New hope for people with uncontrolled seizures
People with these hard-to-control seizures often fall resulting in potential physical injuries. Frequent generalised tonic clonic seizures can also increase a person's risk of Sudden Unexpected Death in Epilepsy (SUDEP.
Until recently there have been limited numbers of medications licensed for these types of seizures. But now the European Commission has granted marketing authorisation approval for perampanel, for use as an add-on therapy for generalised tonic clonic seizures. This is for both adults and adolescents over the age of 12 with idiopathic generalised epilepsy.
New treatment options
Professor Ley Sander, medical director at Epilepsy Society welcomed the news. 'Any new treatment that offers options for people with uncontrolled seizures has to be good news,' he said.
'Uncontrolled seizures can have a huge impact on a person's quality of life. For young people this can affect their education, social life and self confidence. For adults with continuing seizures it can mean not being able to drive and can often affect employment prospects which in turn can have a negative impact on family life.
'We desperately need new treatments that will offer greater hope.'
Perampanel has been developed by Eisai, a global research and development pharmaceutical company based in Japan. The drug is the only licensed anti-epileptic medication targeting AMPA receptors thought to be involved in the initiation of seizures. Clinical data for the efficacy and safety of the drug used as an add-on therapy for people with uncontrolled generalised tonic clonic seizures, was presented at the first European Academy of Neurology in Berlin.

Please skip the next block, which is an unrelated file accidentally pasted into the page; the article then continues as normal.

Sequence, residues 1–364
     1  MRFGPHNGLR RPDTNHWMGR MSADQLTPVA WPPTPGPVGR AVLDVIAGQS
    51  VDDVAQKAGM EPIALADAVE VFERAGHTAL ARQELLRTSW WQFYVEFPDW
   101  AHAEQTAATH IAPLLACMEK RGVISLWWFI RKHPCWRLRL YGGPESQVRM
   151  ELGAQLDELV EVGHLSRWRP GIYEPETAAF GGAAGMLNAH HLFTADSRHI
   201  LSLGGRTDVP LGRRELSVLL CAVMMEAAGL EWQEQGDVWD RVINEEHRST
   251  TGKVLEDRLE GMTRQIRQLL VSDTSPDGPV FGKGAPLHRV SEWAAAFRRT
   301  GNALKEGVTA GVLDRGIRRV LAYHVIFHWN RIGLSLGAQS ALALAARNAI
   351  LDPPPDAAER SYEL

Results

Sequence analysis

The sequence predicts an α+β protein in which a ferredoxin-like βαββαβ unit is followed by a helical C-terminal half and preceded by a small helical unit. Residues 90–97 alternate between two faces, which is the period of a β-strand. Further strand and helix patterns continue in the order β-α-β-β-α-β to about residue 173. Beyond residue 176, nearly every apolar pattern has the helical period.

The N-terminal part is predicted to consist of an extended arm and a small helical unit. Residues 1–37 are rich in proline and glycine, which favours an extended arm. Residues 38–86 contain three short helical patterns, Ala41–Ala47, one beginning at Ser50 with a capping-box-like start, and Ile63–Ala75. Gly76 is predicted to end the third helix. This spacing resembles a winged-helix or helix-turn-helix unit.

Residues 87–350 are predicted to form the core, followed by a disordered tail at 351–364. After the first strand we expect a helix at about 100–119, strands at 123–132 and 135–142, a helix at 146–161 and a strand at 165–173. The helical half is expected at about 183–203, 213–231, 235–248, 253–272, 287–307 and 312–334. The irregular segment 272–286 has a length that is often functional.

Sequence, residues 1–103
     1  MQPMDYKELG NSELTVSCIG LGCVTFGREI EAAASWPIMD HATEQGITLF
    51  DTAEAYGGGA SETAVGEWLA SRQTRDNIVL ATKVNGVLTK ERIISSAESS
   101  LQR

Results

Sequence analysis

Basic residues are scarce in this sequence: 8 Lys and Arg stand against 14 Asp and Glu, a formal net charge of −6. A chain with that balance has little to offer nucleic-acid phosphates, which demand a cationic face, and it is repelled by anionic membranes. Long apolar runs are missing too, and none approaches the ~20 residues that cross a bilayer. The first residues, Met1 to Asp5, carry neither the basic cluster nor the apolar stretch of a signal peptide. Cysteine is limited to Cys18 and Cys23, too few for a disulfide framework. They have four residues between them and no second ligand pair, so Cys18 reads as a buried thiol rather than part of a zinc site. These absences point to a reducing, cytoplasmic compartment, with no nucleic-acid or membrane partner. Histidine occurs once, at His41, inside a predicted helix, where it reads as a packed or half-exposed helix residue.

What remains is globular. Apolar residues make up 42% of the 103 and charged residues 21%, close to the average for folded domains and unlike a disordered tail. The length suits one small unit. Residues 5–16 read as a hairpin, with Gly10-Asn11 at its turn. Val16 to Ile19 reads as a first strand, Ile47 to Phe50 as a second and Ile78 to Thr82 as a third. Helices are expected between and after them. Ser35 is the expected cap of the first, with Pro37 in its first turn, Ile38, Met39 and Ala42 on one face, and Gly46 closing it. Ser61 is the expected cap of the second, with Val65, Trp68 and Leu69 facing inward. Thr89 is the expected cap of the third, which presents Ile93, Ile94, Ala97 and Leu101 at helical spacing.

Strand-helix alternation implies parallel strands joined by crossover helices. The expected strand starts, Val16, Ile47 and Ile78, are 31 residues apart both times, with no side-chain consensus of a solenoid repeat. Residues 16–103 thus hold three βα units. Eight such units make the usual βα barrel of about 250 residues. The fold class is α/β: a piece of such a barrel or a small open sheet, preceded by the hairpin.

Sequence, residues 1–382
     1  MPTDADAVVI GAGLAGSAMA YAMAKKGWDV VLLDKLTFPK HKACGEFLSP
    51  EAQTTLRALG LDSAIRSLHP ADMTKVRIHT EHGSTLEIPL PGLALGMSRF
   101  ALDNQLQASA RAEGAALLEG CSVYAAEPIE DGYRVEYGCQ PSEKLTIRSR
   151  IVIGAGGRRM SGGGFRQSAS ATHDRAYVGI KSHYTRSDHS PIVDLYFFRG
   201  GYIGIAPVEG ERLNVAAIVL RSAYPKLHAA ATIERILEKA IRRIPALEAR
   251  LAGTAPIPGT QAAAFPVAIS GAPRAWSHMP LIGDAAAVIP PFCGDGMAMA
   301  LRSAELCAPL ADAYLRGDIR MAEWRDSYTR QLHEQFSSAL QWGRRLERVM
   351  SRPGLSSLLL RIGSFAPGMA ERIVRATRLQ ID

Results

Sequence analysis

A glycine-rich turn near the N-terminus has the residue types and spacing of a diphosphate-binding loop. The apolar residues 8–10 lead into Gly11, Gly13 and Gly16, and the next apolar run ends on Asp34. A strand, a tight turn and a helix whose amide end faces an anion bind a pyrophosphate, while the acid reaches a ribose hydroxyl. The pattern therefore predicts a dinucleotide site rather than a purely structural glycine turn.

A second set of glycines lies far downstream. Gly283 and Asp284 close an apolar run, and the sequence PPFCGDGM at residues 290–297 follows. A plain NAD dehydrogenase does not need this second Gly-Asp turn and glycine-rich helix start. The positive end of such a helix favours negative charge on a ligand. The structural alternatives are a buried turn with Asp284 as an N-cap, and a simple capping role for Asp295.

Perampanel trial results
Results from a randomised controlled trial involving 162 patients showed:
• 30.9 per cent of people taking perampanel during the 13 weeks of the trial on a stable dose were free of GTC seizures compared with 12.3 per cent of people taking a a placebo
• There was a greater reduction in generalised tonic clonic seizures in those taking perampanel (76.5 per cent) compared to those who took placebo (38.4 per cent)
• People treated with perampanel had an improved quality of life compared to those on placebo.
A separate study also assessed the effects of adjunctive perampanel on absence and myoclonic seizures in people with generalised tonic clonic seizures and it suggests that myoclonic seizures were not aggravated by perampanel, while absence seizures were improved.
The most commonly reported adverse effects from perampanel were dizziness, fatigue, somnolence and irritability.